Step 4 in the selection of a LIMS: Demo Script

Meanwhile a technical presentation is arranged allowing the team to touch the solution and meet the vendor company. Since 3 to 4 demonstration sessions have to be planned in a reasonably short time frame, a demo script is highly recommended for the following benefits:

  • Limit the vendor demo to the items of customer interest
  • Concentrate the attention of the attendees to the listed items
  • Facilitate a methodology to record if and how items have been demonstrated, seen and understood
  • Facilitate a methodology to rate every item

The goal of a demo script is to remove, as much as possible, the emotional part of the technical presentations. By using a demo script, the different solutions are evaluated using the same principles.

Step 5 in the selection of a LIMS: negotiating and closing the contract

The goal of this last step is to sign a contract with the selected candidate that removes the typical ambiguities of the project implementation. The scope should be clearly defined, the costs and timing should be clearly stated in the contractual agreement. This is achieved by using the information provided by the vendor in the previous phases of the selection process and incorporate them into the contract. How product licenses are deployed and how implementation services are delivered should be mutually agreed. Payments should be clearly linked to project deliverables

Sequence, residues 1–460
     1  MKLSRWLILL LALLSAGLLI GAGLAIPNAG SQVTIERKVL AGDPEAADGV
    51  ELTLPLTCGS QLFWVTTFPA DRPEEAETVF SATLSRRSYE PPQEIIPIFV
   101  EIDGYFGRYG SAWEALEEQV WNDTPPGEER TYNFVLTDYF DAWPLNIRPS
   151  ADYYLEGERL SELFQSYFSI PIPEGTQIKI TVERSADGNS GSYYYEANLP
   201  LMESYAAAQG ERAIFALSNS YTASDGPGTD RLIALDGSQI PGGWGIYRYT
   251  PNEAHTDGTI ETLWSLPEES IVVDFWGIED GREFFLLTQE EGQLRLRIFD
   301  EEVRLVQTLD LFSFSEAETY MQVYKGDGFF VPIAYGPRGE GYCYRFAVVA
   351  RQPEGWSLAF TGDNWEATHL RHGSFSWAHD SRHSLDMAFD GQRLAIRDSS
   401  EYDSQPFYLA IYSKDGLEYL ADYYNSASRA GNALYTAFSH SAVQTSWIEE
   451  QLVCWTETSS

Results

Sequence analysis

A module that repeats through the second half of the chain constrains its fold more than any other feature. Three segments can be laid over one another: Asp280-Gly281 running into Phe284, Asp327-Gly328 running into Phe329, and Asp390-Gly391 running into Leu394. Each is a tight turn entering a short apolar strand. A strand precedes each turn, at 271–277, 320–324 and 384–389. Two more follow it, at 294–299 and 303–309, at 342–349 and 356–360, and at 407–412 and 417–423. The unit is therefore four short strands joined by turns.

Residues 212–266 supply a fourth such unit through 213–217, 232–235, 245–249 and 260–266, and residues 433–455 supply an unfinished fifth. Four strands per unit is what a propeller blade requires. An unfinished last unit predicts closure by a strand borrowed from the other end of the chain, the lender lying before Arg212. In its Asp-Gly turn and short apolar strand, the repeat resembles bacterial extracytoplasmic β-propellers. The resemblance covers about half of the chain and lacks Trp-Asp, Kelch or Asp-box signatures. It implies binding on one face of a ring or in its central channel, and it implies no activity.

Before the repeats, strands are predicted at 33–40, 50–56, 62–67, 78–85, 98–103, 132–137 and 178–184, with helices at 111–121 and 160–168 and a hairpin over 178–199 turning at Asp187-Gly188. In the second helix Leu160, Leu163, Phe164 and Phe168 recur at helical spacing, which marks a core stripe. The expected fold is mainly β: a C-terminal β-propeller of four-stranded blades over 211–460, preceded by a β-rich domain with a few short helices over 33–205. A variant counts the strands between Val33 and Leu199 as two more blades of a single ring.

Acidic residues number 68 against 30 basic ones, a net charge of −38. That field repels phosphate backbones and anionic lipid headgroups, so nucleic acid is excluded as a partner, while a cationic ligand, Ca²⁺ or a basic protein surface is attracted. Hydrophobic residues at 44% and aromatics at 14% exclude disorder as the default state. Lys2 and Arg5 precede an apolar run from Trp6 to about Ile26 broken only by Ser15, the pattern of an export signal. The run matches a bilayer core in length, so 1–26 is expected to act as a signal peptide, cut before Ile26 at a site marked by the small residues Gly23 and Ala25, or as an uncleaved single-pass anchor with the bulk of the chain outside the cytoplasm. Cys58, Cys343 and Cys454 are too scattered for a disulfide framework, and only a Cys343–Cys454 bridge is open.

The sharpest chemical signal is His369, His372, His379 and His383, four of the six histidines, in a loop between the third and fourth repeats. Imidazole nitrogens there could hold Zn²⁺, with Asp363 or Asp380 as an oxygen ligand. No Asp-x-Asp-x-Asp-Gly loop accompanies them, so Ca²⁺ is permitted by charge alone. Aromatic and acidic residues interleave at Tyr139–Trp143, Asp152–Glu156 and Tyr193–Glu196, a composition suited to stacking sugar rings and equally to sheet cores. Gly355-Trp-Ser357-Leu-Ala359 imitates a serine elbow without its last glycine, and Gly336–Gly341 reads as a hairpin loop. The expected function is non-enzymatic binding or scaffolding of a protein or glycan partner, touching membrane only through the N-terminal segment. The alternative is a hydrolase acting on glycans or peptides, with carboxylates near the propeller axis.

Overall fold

Fact is that the benefits of running thought these steps are multiple:

  • Market search is performed after that project scope and user requirements are clearly stated
  • Vendors are evaluated based on their ability to support the customer, rather than their marketing efforts
  • Vendors’ responses are measured using a unique approach
  • Technical presentations are realized using the same approach
  • The contract is signed largely reducing the ambiguities

 

Looking for some support on your selection process? Contact us and discover how we can help you.